There's plenty of questions of surrounding "The Dark Knight Rises", Christopher Nolan's final entry into the Batman film series that started with "Batman Begins" and continued with "The Dark Knight". One of the most persistent questions is just who does Joseph Gordon-Levitt (50/50, Inception) play in the superhero ensemble.
Anyone expecting more answers from the latest "Dark Knight Rises" trailer attached to "The Avengers" got only more ambiguity, as trailer features Gordon-Levitt's John Blake asking Catwoman "Did they kill him", and later, telling a kid he's not sure if "he" is coming back (both times apparently referring to Batman). So I decided to put inner Batman geek to the test, and compile a few possibilities from the Batman universe who could fit the bill for JGL's character.
Holiday (Alberto Falcone)
When Joseph Gordon-Levitt was first cast, many Bat-fans (myself included) thought he was the perfect case for Alberto Falcone, the youngest son of crime boss Carmine Falcone (Tom Wilkinson in "Batman Begins") and the original Holiday, a serial killer who strikes on holidays. It's easy to see why because Joseph Gordon-Levitt looks just like the character. While putting a Falcone in the mix might add a sense of symmetry to Nolan's overall Bat-saga, this role seems to be the least likely, considering Batman already has to contend with the likes of Bane, Ra's al Ghul and Catwoman.
There may be a clue in the name of Gordon-Levitt's character: John Blake. There is an old Batman villain named "Catman", who also had the name "Thomas Blake" in the comics. The character worked alongside Catwoman in his early appearances (which could explain why we see this character talking to Catwoman in the trailer) though the comic book version was ultimately resigned to obscurity until a few years ago. In Gail Simone's "Secret Six", Catman is established as an ultra-tough warrior with a personal sense of honor, making him more an anti-hero than straight-up villain. Of course, such a character would be tied to Catwoman than Batman in "The Dark Knight Rises", but "Blake" remains an interesting choice for the name. The other thing which springs to mind with Blake is . . .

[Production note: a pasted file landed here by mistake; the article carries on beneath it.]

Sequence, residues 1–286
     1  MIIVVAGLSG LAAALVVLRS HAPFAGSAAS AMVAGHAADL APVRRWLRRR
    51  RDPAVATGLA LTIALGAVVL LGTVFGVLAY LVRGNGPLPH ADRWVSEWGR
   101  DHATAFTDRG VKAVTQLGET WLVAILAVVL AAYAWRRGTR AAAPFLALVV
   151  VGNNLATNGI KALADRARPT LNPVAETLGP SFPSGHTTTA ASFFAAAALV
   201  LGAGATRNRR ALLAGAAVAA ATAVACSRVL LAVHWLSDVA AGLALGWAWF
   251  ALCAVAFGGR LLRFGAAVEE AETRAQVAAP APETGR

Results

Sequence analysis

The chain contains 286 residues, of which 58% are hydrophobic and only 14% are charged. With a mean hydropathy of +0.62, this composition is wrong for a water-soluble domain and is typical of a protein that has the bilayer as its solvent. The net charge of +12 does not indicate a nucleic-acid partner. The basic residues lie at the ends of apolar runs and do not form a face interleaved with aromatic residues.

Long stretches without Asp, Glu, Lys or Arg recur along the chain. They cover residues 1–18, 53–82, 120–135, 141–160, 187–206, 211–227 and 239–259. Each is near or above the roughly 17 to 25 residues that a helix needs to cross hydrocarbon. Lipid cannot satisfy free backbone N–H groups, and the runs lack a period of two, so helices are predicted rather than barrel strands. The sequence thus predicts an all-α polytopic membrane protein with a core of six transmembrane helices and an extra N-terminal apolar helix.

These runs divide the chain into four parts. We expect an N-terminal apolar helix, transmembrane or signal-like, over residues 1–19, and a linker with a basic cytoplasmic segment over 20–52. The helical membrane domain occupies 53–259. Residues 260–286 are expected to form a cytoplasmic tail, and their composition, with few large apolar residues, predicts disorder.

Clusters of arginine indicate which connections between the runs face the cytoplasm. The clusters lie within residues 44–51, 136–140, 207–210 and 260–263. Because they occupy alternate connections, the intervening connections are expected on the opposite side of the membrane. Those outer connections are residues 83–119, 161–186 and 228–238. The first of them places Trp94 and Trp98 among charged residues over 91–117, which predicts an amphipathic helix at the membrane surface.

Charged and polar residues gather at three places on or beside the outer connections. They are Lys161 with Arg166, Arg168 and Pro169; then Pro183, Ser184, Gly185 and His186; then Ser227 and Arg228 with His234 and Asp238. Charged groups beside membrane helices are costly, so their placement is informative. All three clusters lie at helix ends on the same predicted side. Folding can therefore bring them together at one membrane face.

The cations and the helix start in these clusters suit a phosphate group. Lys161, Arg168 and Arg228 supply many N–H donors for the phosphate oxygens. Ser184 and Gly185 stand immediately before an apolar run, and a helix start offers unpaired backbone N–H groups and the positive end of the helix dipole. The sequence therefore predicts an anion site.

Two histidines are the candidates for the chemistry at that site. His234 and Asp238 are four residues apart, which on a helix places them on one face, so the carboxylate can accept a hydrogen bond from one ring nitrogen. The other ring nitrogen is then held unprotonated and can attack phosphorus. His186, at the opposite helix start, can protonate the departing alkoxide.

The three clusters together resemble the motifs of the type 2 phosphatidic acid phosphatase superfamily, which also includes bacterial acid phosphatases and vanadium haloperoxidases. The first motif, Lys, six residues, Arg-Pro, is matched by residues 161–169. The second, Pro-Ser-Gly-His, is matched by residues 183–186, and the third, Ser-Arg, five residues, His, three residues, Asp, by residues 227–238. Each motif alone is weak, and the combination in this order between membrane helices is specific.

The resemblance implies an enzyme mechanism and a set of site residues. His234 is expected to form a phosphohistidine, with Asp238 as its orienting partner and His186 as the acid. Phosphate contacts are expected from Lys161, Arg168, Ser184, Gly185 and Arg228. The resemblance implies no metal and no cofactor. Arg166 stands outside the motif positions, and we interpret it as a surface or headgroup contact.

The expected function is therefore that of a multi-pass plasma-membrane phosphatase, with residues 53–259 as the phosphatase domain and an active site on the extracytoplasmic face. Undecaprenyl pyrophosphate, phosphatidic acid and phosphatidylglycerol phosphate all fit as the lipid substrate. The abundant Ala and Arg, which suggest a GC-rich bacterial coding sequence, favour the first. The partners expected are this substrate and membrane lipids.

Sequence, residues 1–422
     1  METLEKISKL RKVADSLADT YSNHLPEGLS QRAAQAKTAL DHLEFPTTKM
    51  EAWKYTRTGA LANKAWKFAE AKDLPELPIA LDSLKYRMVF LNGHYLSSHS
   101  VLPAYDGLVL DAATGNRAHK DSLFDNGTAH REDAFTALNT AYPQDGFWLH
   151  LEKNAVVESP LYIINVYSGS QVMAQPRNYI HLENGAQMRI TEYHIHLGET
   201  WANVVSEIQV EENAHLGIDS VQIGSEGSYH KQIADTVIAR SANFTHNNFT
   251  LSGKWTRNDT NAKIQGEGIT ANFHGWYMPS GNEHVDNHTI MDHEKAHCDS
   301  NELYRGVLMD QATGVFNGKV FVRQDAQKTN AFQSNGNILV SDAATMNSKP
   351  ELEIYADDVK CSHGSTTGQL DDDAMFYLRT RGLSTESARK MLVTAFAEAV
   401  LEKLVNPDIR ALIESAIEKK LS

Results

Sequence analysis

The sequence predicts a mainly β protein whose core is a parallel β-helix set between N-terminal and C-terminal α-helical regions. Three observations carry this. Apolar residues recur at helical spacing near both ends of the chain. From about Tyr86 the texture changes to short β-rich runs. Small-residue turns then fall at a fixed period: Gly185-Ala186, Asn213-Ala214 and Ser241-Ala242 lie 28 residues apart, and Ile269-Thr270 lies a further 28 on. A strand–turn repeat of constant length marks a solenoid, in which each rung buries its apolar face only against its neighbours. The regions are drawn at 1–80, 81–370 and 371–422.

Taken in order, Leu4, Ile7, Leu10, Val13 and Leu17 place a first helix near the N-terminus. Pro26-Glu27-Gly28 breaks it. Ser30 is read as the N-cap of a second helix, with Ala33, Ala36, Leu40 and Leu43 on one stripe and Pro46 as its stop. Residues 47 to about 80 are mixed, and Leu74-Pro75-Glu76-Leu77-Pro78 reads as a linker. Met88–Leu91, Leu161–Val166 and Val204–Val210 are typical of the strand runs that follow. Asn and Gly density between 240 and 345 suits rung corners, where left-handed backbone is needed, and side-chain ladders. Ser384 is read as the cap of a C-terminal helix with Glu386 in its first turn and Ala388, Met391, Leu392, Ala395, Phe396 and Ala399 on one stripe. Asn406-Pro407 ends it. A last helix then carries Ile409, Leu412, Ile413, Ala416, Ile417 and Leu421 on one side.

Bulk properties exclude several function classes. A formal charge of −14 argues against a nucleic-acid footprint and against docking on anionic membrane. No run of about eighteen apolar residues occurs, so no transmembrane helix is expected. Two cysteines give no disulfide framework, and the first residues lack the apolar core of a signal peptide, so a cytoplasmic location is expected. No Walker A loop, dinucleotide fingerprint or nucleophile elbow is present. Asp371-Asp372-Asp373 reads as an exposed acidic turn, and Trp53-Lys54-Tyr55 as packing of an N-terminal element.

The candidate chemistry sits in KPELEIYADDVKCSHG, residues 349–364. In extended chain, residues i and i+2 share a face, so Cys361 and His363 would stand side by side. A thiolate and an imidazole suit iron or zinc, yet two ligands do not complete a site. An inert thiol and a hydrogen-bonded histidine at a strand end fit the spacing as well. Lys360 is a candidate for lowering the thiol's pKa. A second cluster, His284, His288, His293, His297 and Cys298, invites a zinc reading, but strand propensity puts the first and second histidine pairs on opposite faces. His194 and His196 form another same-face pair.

The name "Blake" could also hold religious symbolism, as in "William Blake", the English Romantic painter who illustrated "The Divine Comedy". If you want religious symbolism in the Batman comics, your best bet is Jean-Paul Valley aka Azrael. An ally of Batman's, Jean-Paul Valley is a college student who practically becomes Jason Bourne for an Opus Dei-like organization, The Sacred Order of Dumas, prompting him to become a costumed crusader named Azrael. Valley ends up becoming Batman in the "Knightfall" storyline when Bruce Wayne is critically injured fighting ... guess who ... Bane. Unfortunately, the programming makes Jean-Paul Valley loses his marbles as Batman, leading Bruce Wayne to take the mantle by, well, beating it off of him (the whole storyline is hilarious reenacted in this online video by Chronicle writer Max Landis). It's hard not to see "The Dark Knight Rises" invoking at least some of "Knightfall" with the inclusion of Bane, but having Batman fight Batman seems a little too convoluted even for Christopher Nolan to pull off. But if someone is going to take Bruce Wayne's place, it probably will be . . .
You know him better as Robin. The most tantalizing rumor about "The Dark Knight Rises" is that Joseph Gordon-Levitt's character is in fact the protege of Christian Bale's Batman. If this movie is in fact about the fall of Bruce Wayne, it makes sense that the movie ends with Wayne training up someone else to take up the cowl. Several eagle-eyed trailer watchers claim it's not Bale under the cowl in parts of the trailer - it's Gordon-Levitt. In the comics, Dick Grayson did serve as a member of the Bluddhaven Police Department in his "Nightwing" series, and its not too far-fetched that he could have changed his name to avoid any connection to the Flying Graysons, his parents' ill-fated acrobatic team. Gordon-Levitt appears in the trailer more than Morgan Freeman or Gary Oldman, so it stands to reason Nolan could be setting up more as a partner character. On the downside, both Bale and Nolan have said Robin won't appear anywhere in this iteration as Batman - but does that include his alter-ego, who has taken over the Bat-mantle before?
Of course, it's all just speculation at this point. We'll know more when "The Dark Night Rises" hits theaters July 20th.
(That's it for this rant. Check out a new Blue Yonder Wednesday!)